Is It Safe To Buy Real Estate At An Auction?

What’s The Difference Between Buying From An Agent And At An Auction?

Investing in real estate properties can’t get any easier given that there are a lot of options to choose from. There’s foreclosure auctions, property tax default auctions, and the old-fashioned way of hiring a real estate agent to represent you in transactions. 

Real estate agents are able to fetch lower-priced properties for you and help you process the paperworks rather easily. Moreover, they can also offer unique insights about prospecting the best properties on the market. However, hiring a real estate agent comes with a hefty price of 5-6% of your total purchase. 

On the other hand, buying a property from auctions promises a much lower pricing and less competition compared to the traditional way. However, buying real estate properties from auctions imposes some disadvantages such as competitors who are experienced investors, limited knowledge on the properties for sale, having to deal with paperworks by yourself, and having to face riskier consequences. 

In this article, we are going to dive deeper on those risks to help you formulate the best strategy on buying real estate properties in auctions.

So, Is it safe to buy real estate at auction?

Well, let’s look at a few key points that will affect your purchase: 

  1. Foreclosures
  2. Reserve Price 
  3. Occupancy
  4. Financing
  5. Condition of the Property


The most common source of properties that are put up for auction is foreclosures. In this scenario, the owner of the real estate has not fulfilled the payments for the mortgage for a few months (sometimes years) and the lender will attempt to recoup the amount owed by the homeowner by repossessing and selling the property. 

It is important to note that in foreclosure auctions you may encounter a wide variety of bidding appetites, where some may have fierce competition and others may not receive any bids at all. It all depends on the kind of bidders present and the properties for sale.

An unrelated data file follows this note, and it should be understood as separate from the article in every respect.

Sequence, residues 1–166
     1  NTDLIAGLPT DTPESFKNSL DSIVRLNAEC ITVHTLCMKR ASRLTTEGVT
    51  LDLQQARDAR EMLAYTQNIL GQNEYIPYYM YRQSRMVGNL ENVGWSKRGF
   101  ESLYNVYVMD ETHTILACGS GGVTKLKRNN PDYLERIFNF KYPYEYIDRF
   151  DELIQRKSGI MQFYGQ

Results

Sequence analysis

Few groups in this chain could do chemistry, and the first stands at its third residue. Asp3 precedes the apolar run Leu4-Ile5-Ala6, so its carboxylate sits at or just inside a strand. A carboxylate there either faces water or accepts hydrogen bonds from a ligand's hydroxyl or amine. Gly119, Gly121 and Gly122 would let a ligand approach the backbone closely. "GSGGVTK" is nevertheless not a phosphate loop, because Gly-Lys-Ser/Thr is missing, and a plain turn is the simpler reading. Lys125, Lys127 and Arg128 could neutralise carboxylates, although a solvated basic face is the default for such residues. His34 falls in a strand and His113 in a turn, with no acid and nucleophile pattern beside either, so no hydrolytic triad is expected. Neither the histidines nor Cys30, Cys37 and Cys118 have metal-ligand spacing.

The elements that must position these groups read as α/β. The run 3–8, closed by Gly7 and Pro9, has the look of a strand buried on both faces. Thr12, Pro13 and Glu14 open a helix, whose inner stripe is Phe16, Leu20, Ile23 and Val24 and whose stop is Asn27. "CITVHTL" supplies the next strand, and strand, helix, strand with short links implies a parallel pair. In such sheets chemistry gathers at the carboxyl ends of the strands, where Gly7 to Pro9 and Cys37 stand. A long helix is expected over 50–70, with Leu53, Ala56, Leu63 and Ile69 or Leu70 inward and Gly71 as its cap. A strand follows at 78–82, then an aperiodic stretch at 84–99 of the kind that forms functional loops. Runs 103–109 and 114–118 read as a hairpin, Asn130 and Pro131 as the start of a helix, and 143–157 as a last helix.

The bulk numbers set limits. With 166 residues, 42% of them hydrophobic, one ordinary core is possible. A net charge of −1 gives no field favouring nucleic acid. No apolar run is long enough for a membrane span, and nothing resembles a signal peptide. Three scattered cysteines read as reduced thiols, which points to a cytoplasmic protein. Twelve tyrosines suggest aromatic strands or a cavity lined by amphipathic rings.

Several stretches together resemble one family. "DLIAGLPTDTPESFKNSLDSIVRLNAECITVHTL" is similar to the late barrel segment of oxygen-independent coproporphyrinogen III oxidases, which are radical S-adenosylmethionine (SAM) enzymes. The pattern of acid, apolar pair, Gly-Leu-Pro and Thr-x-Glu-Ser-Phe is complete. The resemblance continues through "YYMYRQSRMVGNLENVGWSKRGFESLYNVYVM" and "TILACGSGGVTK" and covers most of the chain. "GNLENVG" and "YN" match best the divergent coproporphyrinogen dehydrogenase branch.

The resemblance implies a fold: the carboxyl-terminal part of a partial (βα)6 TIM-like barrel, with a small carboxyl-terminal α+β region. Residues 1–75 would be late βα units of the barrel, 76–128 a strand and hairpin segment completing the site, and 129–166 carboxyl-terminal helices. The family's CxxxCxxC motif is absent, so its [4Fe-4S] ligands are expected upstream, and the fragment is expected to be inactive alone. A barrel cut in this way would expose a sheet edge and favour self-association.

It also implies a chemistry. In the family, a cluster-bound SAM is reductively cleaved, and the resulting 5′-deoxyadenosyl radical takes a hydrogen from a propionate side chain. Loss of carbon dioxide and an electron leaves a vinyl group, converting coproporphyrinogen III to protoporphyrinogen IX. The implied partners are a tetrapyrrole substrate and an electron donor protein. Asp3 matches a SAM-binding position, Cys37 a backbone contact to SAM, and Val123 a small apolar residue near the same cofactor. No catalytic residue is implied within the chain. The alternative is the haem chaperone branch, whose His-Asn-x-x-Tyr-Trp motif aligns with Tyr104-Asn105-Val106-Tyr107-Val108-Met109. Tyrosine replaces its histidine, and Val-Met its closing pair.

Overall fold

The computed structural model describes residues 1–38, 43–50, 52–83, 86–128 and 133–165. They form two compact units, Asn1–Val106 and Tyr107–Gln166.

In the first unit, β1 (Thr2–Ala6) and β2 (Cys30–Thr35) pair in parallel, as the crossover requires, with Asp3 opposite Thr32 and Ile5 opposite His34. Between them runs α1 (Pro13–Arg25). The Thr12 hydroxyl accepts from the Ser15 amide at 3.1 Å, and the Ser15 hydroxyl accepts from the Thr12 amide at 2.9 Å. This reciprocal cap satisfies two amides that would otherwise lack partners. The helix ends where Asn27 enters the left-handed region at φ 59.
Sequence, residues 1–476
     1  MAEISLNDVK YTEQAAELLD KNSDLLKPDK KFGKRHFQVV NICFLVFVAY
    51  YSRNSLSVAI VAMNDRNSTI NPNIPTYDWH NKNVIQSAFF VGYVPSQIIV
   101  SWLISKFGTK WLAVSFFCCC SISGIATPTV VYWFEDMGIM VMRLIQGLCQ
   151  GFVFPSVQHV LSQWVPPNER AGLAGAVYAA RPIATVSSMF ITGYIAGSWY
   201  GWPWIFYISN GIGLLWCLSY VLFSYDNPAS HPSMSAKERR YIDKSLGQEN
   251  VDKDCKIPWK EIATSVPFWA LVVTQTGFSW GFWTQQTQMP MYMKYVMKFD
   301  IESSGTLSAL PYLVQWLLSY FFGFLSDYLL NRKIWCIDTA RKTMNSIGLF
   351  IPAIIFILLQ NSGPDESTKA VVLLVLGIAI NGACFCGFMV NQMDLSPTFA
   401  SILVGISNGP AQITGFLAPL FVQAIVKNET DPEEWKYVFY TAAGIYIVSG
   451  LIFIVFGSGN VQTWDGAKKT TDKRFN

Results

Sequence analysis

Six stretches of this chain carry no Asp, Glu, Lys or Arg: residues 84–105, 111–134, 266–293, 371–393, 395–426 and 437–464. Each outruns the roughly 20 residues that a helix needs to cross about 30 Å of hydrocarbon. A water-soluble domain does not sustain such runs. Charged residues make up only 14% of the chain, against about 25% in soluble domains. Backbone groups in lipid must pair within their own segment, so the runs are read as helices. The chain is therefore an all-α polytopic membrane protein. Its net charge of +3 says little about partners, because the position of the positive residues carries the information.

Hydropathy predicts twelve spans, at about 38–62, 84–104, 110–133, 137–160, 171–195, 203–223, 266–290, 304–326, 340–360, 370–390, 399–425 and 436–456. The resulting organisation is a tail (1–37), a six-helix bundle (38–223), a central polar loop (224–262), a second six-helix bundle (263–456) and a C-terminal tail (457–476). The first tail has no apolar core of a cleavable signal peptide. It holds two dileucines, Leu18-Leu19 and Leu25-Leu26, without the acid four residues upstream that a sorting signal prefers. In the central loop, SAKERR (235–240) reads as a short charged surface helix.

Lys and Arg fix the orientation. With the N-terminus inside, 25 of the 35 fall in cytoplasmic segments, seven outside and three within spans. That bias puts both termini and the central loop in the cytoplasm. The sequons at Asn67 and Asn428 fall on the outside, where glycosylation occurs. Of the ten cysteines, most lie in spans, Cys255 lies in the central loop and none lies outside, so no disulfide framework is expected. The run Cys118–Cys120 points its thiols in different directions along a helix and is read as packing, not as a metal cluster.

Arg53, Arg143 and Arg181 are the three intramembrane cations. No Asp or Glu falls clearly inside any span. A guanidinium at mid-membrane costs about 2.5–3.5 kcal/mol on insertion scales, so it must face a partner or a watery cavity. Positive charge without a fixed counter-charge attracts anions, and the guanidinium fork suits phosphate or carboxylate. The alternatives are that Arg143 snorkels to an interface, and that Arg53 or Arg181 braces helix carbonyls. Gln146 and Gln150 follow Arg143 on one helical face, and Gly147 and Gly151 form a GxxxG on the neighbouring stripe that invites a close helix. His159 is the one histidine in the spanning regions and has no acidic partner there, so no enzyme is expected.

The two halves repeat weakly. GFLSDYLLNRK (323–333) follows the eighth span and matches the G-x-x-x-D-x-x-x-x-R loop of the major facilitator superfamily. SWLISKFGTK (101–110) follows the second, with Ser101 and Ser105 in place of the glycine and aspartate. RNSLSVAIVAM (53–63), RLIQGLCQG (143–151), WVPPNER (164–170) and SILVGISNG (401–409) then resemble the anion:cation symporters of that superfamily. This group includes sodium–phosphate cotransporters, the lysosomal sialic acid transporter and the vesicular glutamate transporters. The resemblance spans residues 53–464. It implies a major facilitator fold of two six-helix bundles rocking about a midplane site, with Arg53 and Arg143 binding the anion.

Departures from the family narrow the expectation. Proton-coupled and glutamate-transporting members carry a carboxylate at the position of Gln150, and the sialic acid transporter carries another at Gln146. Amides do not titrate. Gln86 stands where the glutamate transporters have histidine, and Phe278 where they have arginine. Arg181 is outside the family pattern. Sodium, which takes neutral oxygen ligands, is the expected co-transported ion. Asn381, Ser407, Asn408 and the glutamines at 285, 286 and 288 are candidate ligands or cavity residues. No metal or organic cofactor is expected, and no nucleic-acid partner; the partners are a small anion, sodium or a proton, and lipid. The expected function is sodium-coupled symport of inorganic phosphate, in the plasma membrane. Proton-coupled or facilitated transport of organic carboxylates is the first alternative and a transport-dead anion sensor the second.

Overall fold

Reserve Price 

While buying a piece of real estate from an auction may be financially appealing, especially since there is a common misconception a majority of homes sold this way go for half their market value, you are more likely to encounter bad deals than good ones. 

Before an auction begins, a seller is allowed to set a reserve price for the property, which is a minimum value that they will accept as a winning bid. The seller is not obliged to disclose this price to the bidders, and thus can prevent a winning bid from going through if it is lower than the reserve. 


An article by Foreclosure Philippines suggests that it would also be a good idea to be aware of the property’s occupancy situation during the time of the foreclosure auction. It is not recommended to buy an occupied property because evicting the tenants from the property will be your responsibility and it will definitely give you a hard time. This is where the process of completing the sale gets delayed. 

This can often slow down the process by months (even years!) as there will often be resistance from the occupant’s side. There have even been cases of occupants filing lawsuits against the banks responsible for the sale. Because of this, it is highly advised to visit the property before the auction date, and look for signs of occupancy. Doing this can save you a ton of time and headaches! 


You would be hard-pressed to find a bank that is willing to finance your bidding on an auction. This is due to the amount of risk involved in purchasing real estate via auction. 

Because of this, people are often left with two options: saving up and paying the full amount in cash, or finding a private investor to finance the purchase. The former is only ever really possible for a small number of people, mostly due to the lump sum required, bundled with the possibility of failing to purchase within the budget. The latter often carries large (often predatory) interest rates, and will do more harm in the long run. 

Condition of the Property

It’s very important to remember that auction firms often don’t allow open house tours of the properties at auction for legal and safety reasons. Because of this, you will have no way to properly assess the condition of the house and may cost you a lot of money in unexpected repairs and maintenance costs. 

When eyeing a foreclosure, you should always keep in mind that the previous owner was having difficulty paying the mortgage and therefore probably couldn’t afford the additional cost of routine maintenance either. 


In hindsight, it is easy to see how the whole process may turn somebody away from buying properties in foreclosure. It is important to note, however, that with enough care and diligence, it IS possible to safely and confidently bid on a property that is well-vetted, unoccupied, and well maintained. All it takes is dedication and being precise on what you want, and not settling on anything less. 

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